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Original Issue

A Roundup of the Week Sept. 17-23

BOXING—TONY LOPEZ successfully defended his IBF junior lightweight title with a 12-round unanimous decision over Jorge Paez, in Sacramento.

PRO FOOTBALL—The AFC champion Broncos ran their record to 2-1 by twice coming from behind to win. On Monday night Denver kicked a field goal with no time left to beat the Chiefs 24-23, and on Sunday kicker David Treadwell booted a 25-yard field goal in overtime to defeat the Seahawks 34-31. In the latter game, the Broncos' John Elway completed 30 passes, a career high, for 297 yards and three touchdowns. The Bears stayed unbeaten as Kevin Butler kicked four field goals, including a 52-yarder with four seconds remaining, in a 19-16 victory over the Vikings. Paced by wide receiver Tim McGee, who caught six passes for 163 yards, Cincinnati routed the Patriots 41-7 to go 3-0, too. The 49ers won their 11th straight game, a streak dating back to last November, with a 19-13 victory over the Falcons. San Francisco's Joe Montana passed for 398 yards, 171 of them to Jerry Rice. Warren Moon threw for 308 yards in the Oilers' 24-10 defeat of the Colts to surpass George Blanda as Houston's leading career passer, with 19,289 yards. The Saints' Rueben Mayes rushed for 99 yards and three TDs in leading the Saints to a 28-7 thrashing of the Cardinals. The Chargers sacked the Browns' Bernie Kosar three times in their 24-14 victory, to run Kosar's season total to 13. In other games, the Redskins defeated the Cowboys 19-15; the Chiefs beat the Packers 17-3; the Dolphins lost 20-3 to the Giants; the Eagles upset the Rams 27-21; the Buccaneers edged the Lions 23-20; and the Raiders crushed the Steelers 20-3 (page 30).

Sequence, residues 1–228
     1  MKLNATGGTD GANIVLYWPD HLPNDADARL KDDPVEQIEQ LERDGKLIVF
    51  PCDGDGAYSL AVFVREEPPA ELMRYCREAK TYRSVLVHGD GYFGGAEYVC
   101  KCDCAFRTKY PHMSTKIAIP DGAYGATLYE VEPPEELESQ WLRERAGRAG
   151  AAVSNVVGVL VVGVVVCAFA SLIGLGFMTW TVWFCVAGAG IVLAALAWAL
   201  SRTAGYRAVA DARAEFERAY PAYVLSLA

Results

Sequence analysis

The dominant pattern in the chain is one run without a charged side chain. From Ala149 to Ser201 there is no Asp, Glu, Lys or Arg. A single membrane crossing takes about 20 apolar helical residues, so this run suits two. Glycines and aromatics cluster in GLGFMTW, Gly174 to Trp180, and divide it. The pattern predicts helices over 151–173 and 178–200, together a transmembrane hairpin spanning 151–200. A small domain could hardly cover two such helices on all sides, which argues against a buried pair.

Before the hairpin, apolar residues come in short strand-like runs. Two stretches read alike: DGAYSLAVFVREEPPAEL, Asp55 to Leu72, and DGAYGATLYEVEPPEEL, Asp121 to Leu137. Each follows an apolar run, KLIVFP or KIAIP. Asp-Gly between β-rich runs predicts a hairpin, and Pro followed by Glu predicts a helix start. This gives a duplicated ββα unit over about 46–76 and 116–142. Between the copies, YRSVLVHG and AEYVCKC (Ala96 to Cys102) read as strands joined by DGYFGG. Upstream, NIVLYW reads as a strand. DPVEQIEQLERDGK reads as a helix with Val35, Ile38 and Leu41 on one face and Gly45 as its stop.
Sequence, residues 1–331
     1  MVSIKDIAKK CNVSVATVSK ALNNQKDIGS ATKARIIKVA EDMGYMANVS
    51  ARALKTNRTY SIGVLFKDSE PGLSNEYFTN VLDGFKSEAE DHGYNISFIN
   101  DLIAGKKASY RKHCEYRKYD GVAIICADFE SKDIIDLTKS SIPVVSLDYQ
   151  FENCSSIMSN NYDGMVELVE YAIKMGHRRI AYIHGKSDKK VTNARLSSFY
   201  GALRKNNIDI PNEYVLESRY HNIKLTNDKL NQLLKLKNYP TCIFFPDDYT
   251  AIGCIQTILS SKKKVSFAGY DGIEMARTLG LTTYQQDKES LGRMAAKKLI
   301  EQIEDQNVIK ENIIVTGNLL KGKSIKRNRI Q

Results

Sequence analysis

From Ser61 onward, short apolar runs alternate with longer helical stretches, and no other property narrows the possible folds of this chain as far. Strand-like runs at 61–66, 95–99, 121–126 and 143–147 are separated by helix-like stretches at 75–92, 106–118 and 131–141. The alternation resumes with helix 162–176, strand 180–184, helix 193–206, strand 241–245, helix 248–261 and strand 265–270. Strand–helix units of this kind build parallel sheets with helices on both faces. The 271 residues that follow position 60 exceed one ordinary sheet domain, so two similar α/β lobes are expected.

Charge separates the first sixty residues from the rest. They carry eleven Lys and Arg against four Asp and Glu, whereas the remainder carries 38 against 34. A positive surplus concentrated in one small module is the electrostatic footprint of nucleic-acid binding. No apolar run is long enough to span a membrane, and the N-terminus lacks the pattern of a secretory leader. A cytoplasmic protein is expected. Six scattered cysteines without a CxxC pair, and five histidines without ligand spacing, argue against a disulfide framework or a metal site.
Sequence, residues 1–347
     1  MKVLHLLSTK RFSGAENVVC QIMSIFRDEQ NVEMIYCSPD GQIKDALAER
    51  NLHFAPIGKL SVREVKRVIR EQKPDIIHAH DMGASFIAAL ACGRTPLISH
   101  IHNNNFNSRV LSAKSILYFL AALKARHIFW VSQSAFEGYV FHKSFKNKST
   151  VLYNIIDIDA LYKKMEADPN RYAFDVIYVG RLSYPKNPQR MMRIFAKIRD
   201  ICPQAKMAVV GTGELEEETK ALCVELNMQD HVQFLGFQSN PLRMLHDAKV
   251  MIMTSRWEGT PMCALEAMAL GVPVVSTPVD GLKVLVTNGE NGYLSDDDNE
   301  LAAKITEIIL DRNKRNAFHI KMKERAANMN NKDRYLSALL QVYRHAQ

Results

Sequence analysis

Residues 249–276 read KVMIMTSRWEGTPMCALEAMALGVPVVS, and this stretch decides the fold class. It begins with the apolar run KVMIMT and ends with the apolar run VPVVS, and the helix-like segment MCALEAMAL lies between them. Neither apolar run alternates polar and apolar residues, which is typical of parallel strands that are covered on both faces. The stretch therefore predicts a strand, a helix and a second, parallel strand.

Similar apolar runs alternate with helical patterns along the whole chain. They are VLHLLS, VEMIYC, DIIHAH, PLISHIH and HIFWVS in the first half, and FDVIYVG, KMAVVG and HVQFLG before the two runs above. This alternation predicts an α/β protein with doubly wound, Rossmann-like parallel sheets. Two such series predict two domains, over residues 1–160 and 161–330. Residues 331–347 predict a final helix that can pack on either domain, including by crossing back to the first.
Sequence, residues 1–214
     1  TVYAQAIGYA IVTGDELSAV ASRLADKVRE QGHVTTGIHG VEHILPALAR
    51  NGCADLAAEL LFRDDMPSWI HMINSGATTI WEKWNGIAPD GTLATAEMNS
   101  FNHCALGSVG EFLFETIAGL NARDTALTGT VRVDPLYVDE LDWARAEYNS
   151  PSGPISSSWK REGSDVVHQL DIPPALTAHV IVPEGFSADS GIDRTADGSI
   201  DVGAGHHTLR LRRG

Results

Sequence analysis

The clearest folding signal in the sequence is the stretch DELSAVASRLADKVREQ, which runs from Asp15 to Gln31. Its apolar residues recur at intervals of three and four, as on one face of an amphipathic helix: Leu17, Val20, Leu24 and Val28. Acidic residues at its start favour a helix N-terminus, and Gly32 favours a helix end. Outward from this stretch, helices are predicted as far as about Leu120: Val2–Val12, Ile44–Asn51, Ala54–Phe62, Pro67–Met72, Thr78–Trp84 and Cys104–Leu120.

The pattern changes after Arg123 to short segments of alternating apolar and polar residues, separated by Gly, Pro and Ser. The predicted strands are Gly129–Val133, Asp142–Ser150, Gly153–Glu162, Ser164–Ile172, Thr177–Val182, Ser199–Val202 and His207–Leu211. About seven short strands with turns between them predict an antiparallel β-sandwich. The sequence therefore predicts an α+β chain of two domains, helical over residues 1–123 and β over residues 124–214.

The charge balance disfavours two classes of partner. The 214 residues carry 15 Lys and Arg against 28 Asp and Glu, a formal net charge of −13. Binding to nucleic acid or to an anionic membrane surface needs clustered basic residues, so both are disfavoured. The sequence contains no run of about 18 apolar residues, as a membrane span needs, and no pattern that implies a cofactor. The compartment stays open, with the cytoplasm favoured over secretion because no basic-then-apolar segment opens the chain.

GOLF—IAN WOOSNAM beat Mark McNulty 4 and 2 to win the World Match Play title and $184,950, in Virginia Water, England.

Nolan Henke shot a final-round three-under-par 68 to beat Mark Wiebe by three strokes and win a PGA Tour event in Endicott, N.Y. Henke, who had a 16-under-par 268 for the tournament, took home $126,000.

Nancy Lopez birdied the first hole of sudden death to defeat Cathy Gerring and win an LPGA tournament in Buena Park, Calif. Her victory was worth $48,750.

Jim Dent fired a final-round seven-under-par 65 to edge Lee Trevino by a stroke and win a Senior PGA Tour event in Manakin-Sabot, Va. Dent, who had a 202 for the 54-hole tournament, earned $52,500.

HARNESS RACING—BEACH TOWEL ($2.80), driven by Ray Remmen, defeated In The Pocket by 1½ lengths in the final heat to win the Little Brown Jug, the third leg of pacing's Triple Crown, at the Delaware County (Ohio) Fairgrounds. In the deciding heat, the 3-year-old pacing colt covered the mile in 1:53[3/5] to collect the $160,733 winner's purse.

Lexie ($2.20), with Mickey McNichol in the sulky, coasted to a 3½-length victory over Quiet Star to win the Molly Pitcher Pace and $31,040 at Freehold Raceway. The 2-year-old filly's time for the mile was 1:57[2/5].

HORSE RACING—AT LAST ($33.60), Jerry Bailey up, beat Unbridled by 3½ lengths to win the Super Derby, at Louisiana Downs. The 3-year-old colt finished the 1¼ miles in 2:02 and took home $600,000.

Quick Mischief ($16.40), ridden by Raul Rojas, made a strong move on the final turn to defeat Personal Business by three lengths and win the Ruffian Handicap, at Belmont. The 4-year-old filly ran the 1[1/16] miles in 1:42[4/5] and earned $144,480.